Call it the Lawrence look.
For many people, that means a wide Massachusetts Street sidewalk, built for strolling past substantial brick or stone buildings replete with wrought iron fences and colorful, interesting landscapes. The last thing you expect to see is a large asphalt parking lot or big logo sign advertising a chain store.
Soon, that Lawrence look may be coming to a neighborhood near you.
City commissioners tonight are scheduled to approve a new set of commercial design guidelines that will create a substantially more stringent set of regulations for all new retail and office developments in the city.
"They definitely have the potential to transform our new commercial centers as we grow over the years," said Dan Warner, a planner with the Lawrence-Douglas County Planning Department who has been working on the regulations. "This will have a lot to do with the image that we project to people, and to ourselves, in the future."
Major details of the guidelines include mandating designs that attempt to put buildings closer to the streets, and in turn, put large parking lots behind buildings so that they are not as easily seen by passers-by. Commercial buildings also would be required to use many more natural materials - such as brick or stone - rather than cement blocks or other manmade materials.
And "corporate architecture," the type of design that a major retailer uses over and over again in communities across the country, would not be allowed.
"We're wanting developments that look like they should belong in Lawrence, not everywhere else in the country," Warner said.
Several city commissioners agree.
"The big thing is to make sure that we get projects of the highest quality," Mayor Mike Amyx said. "That's what we're trying to accomplish with this."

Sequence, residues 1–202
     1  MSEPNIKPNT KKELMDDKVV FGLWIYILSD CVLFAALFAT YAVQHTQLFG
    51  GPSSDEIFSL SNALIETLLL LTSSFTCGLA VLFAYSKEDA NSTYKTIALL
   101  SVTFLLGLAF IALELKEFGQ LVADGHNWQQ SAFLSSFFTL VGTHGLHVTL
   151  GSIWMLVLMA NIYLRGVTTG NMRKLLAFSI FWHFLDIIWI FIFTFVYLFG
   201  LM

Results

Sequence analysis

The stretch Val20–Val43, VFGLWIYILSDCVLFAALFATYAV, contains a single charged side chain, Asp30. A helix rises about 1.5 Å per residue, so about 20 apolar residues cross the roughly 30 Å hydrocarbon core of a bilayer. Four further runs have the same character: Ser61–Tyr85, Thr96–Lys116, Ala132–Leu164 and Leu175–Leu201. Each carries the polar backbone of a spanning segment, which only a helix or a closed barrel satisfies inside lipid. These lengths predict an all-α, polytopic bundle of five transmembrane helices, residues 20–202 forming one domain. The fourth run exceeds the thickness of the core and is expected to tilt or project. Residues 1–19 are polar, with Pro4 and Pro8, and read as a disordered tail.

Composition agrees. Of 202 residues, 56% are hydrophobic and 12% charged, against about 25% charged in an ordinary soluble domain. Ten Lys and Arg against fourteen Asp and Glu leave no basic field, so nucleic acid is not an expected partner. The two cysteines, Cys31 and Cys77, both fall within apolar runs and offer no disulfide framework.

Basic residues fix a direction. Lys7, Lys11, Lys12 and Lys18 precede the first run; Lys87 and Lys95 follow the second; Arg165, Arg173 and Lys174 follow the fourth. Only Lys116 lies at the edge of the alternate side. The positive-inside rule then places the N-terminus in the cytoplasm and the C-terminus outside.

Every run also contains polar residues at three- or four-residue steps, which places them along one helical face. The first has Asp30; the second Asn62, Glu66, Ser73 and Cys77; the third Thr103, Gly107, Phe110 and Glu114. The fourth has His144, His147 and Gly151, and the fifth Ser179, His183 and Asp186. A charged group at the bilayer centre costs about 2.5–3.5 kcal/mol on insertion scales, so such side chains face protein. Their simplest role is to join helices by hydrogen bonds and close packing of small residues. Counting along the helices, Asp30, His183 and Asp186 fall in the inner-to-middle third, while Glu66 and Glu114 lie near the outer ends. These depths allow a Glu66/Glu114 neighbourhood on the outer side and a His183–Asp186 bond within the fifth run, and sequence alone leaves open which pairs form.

But isn't beauty in the eye of the beholder? City commissioners said they weren't concerned the guidelines reached into areas best left to each developer's tastes.
"I think there is some consensus around the community that our downtown and some of our older commercial areas have a feel that people really like," Commissioner Boog Highberger said. "If we can bring some of those elements to other parts of town, that would be a benefit.
"Plus, I can't say that I've ever met anybody who really likes the look of a traditional strip mall."
Warner also said the guidelines leave plenty of room for architectural creativity. He emphasized the guidelines don't mandate that all new projects look like downtown.
"We definitely don't want to get the same designs over and over again," Warner said.
City commissioners conceded the guidelines could add costs to the typical commercial development project in the city, though they didn't have estimates.
Developers thus far, though, haven't objected to the guidelines. Several people involved with new commercial development said Monday they hadn't yet thoroughly reviewed the guidelines. Others said they were mainly concerned that the guidelines be fairly applied.
"I don't write the rules. I just have to follow them," said Mike Keeney, with the Peridian Group, a Lawrence engineering firm that works on a number of commercial projects.
Here are some of the other standards in the proposed guidelines:
¢ Developers would be required to submit a "palette" of proposed materials and colors to be used in the project to ensure "unity" among all the buildings in a development.
¢ Existing trees should be used in the site design.
¢ Commercial developments of at least 5,000 square feet should have at least 8-feet wide sidewalks and provide a pre-determined amount of open space for benches, fountains or other amenities.
¢ Open-air drainage channels would be recommended to handle stormwater runoff on sites where such channels already exist. The drainage ways would be planted with native grasses and would be landscaping focal points of the developments.
Commissioners meet at 6:35 p.m. tonight at City Hall, Sixth and Massachusetts streets.